Phnom Penh, 28 February 2017 – Transparency International 2016 Global Corruption Barometer (GCB) of Cambodia results released today confirmed that three main institutions people believe to be most corrupt are the Judiciary, Police and Government Officials.
On the positive side, the results show that there is significant drop in bribery paid to each public service provider. For example, 62 per cent paid bribe for making ID documents and civil registry in 2013, while only 30 per cent did so in 2016. 38 per cent service users paid bribes to the hospitals in 2013 while only 19 per cent did so in 2016. There has also been a drop in bribery to the police between 2013 and 2016. Indeed, over 60 per cent paid bribes to the police in 2013 whereas only 11 per cent did so in 2016.
Transparency International 2016 GCB interviewed 1003 Cambodians on their perceptions and experiences of corruption in Cambodia. While there have been some positive changes as highlighted above, the results still illustrate the fact that the institutions established to protect citizens, provide access to justice and promote human rights actually continue to be seen by the public as abusing their powers.
From the public involvement standpoint, 73 per cent of those interviewed believed the ordinary people can make a difference and more than 63 per cent said they were willing to report corruption. Indeed, 66 per cent of respondents agree that it is socially acceptable to report corruption. However, only 5 per cent who said they had paid a bribe, reported corruption cases in the past while 46 per cent did not report because they are afraid of possible retaliation and 17 per cent chose not to report corruption because they think nothing will be done even if they report.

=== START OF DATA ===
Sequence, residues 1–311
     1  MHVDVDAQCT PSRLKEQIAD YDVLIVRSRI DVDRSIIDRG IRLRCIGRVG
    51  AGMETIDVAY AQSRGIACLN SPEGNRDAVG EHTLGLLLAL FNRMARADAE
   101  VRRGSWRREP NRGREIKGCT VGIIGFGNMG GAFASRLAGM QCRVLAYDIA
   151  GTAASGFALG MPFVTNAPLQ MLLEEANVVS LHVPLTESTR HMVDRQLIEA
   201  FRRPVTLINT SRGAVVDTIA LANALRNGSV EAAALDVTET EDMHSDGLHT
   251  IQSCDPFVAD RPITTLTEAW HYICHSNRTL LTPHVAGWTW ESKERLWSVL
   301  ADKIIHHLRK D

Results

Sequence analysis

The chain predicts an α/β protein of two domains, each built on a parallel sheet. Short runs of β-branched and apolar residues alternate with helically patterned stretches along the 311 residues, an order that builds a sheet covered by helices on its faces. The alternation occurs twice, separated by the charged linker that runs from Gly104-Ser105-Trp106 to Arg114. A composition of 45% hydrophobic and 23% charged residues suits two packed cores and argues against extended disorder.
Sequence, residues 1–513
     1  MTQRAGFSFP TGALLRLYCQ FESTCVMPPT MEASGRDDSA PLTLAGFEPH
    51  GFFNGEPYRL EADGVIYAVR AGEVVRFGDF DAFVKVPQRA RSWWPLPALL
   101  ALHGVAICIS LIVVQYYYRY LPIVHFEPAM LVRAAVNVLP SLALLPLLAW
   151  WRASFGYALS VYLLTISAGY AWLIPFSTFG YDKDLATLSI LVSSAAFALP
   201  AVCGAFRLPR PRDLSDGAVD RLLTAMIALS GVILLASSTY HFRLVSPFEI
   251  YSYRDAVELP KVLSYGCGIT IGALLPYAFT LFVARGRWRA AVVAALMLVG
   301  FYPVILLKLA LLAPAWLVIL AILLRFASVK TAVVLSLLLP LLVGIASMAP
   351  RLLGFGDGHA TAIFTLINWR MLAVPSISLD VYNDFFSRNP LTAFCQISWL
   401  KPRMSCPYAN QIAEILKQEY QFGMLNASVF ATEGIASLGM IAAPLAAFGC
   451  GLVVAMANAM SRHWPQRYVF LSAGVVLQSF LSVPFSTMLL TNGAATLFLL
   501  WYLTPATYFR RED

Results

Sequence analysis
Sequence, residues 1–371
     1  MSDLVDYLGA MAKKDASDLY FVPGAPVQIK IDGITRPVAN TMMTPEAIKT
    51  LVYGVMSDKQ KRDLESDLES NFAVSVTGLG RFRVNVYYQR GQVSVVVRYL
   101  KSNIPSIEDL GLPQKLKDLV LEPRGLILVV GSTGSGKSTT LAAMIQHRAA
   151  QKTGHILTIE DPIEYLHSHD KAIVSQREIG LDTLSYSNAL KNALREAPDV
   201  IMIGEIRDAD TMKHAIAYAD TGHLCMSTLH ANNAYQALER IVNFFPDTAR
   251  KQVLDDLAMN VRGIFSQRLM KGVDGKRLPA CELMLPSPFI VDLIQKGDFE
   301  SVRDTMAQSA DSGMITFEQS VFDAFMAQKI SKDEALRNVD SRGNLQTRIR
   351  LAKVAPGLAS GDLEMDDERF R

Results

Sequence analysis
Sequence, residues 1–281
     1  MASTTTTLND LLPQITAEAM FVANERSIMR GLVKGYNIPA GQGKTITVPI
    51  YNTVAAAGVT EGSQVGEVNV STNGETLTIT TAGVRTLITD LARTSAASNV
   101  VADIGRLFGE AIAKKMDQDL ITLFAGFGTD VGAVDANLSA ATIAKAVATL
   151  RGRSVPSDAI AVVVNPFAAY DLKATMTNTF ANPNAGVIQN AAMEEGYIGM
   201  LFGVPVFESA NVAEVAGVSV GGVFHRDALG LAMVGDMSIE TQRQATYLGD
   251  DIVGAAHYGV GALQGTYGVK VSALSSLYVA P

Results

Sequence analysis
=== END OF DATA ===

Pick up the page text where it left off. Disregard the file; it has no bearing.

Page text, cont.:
On an important note, only 35 per cent of the people interviewed believed the government’s anti-corruption initiatives are effective.
TI Cambodia has consistently called upon the Government to undertake structural and systematic reforms within key national institutions, specifically to reform the judiciary and law enforcement agencies and pass Access to Information Law and a Law on the Protection of Whistleblowers (Reporting Persons) that meet international standards.
“When the general public confirms that corruption is widespread, the state machinery ought to take it seriously and response timely by undertaking fundamental reforms proposed by the anti-corruption experts,” said Preap Kol, Executive Director of Transparency International Cambodia. “The GCB directly reveals the perceptions and experience of the voters and together with the results of the recently released Corruption Perception Index (CPI) serve as useful insights for the Government, relevant stakeholders and political parties to formulate effective anti-corruption strategy and measures,” he continued.
Mr Preap Kol, Executive Director, (+855) 012 877 833, email@example.com
Transparency International is the civil society organisation leading the fight against corruption
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